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Tetanus and Pertussis Vaccine

Why get vaccinated?

Tetanus and pertussis are serious diseases.

Tetanus (also called "lockjaw") is caused by bacteria usually found in soil, dust, and manure. Unlike other diseases for which people receive vaccines, tetanus is not contagious (it is not spread from person to person). A person gets tetanus from the environment. The tetanus bacteria enter the body through an opening in the skin – the size of the opening can range from a tiny pinprick or scratch to a cut to a deep puncture wound, such as that caused by a nail or knife. Tetanus can be an aftermath of severe burns, ear infections, tooth infections, and animal bites. Contrary to popular belief, rusty nails do not cause tetanus. It’s the bacteria that cause the disease, and the bacteria can be present on a rusty nail, a shiny nail, or many other objects that come into contact with an opening in the skin.

Symptoms and course: Headache, crankiness and spasms of the jaw muscles are the first symptoms to develop; appearing from 3 days to 3 weeks after tetanus enters the body. As the tetanus toxin (poison) spreads, it can cause painful muscle contractions in the neck, arms, legs, and stomach. Severe spasms in the jaw can cause it to lock so the patient cannot open his/her mouth or swallow. Several weeks of hospitalization may be needed to recover from tetanus. In the United States, about 50 cases a year occur, and 3 in 10 people who get tetanus die from it.

Diphtheria is caused by bacteria that live in the mouth, throat and nose of an infected person and are spread to others through coughing or sneezing. A person who has diphtheria can spread it to others during the first 2 to 4 weeks they are infected.

Symptoms and course: Sore throat, slight fever and chills are early symptoms, appearing 2 to 4 days after exposure to diphtheria. Sometimes a thick coating occurs in the nose and back of the throat, making it hard to swallow or even breathe. Other problems include heart failure and paralysis. About 1 person in 10 who get diphtheria dies from it.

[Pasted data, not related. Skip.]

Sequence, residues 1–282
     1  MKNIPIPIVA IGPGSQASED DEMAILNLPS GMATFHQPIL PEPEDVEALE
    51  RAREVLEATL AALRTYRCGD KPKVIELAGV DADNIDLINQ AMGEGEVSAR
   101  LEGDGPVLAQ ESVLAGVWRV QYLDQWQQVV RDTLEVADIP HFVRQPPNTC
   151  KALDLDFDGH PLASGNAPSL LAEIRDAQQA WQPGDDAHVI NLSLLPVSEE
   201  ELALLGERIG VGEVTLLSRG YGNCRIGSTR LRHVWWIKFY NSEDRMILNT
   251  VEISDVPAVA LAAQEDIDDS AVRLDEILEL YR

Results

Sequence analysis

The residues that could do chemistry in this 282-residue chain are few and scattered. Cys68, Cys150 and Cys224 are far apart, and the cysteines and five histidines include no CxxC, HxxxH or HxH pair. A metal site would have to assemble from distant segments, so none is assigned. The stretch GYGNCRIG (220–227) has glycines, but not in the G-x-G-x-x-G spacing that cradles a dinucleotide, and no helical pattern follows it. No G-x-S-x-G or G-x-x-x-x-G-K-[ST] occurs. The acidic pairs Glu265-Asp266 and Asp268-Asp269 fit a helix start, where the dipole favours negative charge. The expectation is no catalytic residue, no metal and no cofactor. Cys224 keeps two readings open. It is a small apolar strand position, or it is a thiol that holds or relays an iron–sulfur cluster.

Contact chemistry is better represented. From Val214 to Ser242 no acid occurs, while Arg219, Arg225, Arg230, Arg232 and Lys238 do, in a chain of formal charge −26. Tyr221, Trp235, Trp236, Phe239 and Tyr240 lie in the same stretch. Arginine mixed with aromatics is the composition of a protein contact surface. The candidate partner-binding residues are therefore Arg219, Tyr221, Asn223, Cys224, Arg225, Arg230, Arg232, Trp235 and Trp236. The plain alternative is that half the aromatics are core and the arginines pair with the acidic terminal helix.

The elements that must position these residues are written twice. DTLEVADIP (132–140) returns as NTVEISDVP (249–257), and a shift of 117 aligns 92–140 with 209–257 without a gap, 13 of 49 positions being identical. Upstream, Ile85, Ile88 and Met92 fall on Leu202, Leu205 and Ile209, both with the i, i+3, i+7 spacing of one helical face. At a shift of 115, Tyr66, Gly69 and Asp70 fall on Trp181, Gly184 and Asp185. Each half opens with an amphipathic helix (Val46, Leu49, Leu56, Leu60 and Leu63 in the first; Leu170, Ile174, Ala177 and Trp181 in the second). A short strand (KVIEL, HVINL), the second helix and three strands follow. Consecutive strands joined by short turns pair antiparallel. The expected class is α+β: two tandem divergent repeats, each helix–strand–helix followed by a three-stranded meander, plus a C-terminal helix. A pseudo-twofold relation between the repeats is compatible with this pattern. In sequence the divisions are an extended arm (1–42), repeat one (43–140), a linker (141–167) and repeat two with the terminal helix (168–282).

Pertussis (whooping cough) is caused by highly contagious bacteria that live in the mouth, throat and nose of an infected person. It is spread to others during coughing or sneezing or through direct contact with discharges form the nose or throat of the infected person.

Symptoms and course: Symptoms include severe coughing spells – so bad infants can hardly eat, drink, or breathe. Spells can last for weeks. Condition leads to pneumonia, seizures, brain damage, and death.

Vaccination is the best way to protect against tetanus, diphtheria, and pertussis. If it weren’t for vaccines and immunization programs that began in the 1920s and continue to this day, many more people would get these diseases and would die from these diseases.

Who should get the vaccine?

The tetanus, diphtheria, and pertussis vaccines are almost always given to children together as a combination vaccine called DTaP (Diphtheria, Tetanus, and acellular Pertussis). Children should get a total of 5 doses of DTaP vaccines before they reach 6 years of age. The tetanus and diphtheria vaccine (Td), given together as a single vaccine, is intended for children ages 7 and older and for adults. It does not contain the pertussis vaccine and has less diphtheria toxoid than the DTaP vaccine. The first dose of Td is recommended at either 11 to 12 or 14 to 16 years of age, with additional doses given every 10 years throughout life. Other vaccination and booster dose schedules to meet particular needs or situations (e.g., health care workers who have direct patient contact, adults who are expected to have close contact with an infant younger than 12 months of age, an adolescent or adult with a severe cut or burn) should be discussed with each patient’s health care professional.

Is there anyone who should not receive the Td vaccine?

Tell your doctor or nurse if the person getting the vaccine:

  • Has ever had a serious allergic reaction or other problem with Td or any other tetanus and diphtheria vaccine (DTaP or diphtheria/tetanus vaccine),
  • Currently has a moderate or severe illness,
  • Is pregnant

What are the risks from the Td vaccine?

Vaccines, like any medicine, can cause serious problems, up to and including death. But this risk is very small. The harm from these diseases, if people stopped being vaccinated, outweigh the vaccine risks. Nonetheless, some of the problems that can develop include:

Mild problems: Examples of these problems include soreness, redness, or swelling at the vaccination site. These problems start within hours to a day or two of the shot and last 1 to 2 days.

Severe problems: These problems are rare but include deep, aching pain and decrease in muscle mass in the upper arm that received the vaccine and serious allergic reaction (e.g., development of skin rash and swelling; difficulty breathing, hoarseness, wheezing; high fever; fast heart beat; dizziness).

What should be done if a serious reaction occurs?

  • Call your doctor or get the person to a doctor right away.
  • Tell the doctor what symptoms have occurred, the time and date they occurred, and when the vaccine was received.
  • Ask the doctor to file a vaccine adverse event report form.

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This information is provided by the Cleveland Clinic and is not intended to replace the medical advice of your doctor or health care provider. Please consult your health care provider for advice about a specific medical condition. This document was last reviewed on: 7/30/2008...#12328